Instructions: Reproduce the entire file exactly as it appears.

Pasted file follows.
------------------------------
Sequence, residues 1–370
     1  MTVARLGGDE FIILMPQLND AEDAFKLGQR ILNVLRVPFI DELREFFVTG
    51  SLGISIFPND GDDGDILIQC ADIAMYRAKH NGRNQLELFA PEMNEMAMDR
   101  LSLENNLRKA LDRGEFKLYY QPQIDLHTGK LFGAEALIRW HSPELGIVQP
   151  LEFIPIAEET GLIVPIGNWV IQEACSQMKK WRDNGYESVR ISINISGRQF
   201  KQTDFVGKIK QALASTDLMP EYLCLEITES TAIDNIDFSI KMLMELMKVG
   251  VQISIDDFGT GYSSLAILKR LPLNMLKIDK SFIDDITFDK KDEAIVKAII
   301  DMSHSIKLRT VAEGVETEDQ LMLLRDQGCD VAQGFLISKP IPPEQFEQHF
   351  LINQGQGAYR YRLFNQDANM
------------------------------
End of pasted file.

Sequence, residues 1–370
     1  MTVARLGGDE FIILMPQLND AEDAFKLGQR ILNVLRVPFI DELREFFVTG
    51  SLGISIFPND GDDGDILIQC ADIAMYRAKH NGRNQLELFA PEMNEMAMDR
   101  LSLENNLRKA LDRGEFKLYY QPQIDLHTGK LFGAEALIRW HSPELGIVQP
   151  LEFIPIAEET GLIVPIGNWV IQEACSQMKK WRDNGYESVR ISINISGRQF
   201  KQTDFVGKIK QALASTDLMP EYLCLEITES TAIDNIDFSI KMLMELMKVG
   251  VQISIDDFGT GYSSLAILKR LPLNMLKIDK SFIDDITFDK KDEAIVKAII
   301  DMSHSIKLRT VAEGVETEDQ LMLLRDQGCD VAQGFLISKP IPPEQFEQHF
   351  LINQGQGAYR YRLFNQDANM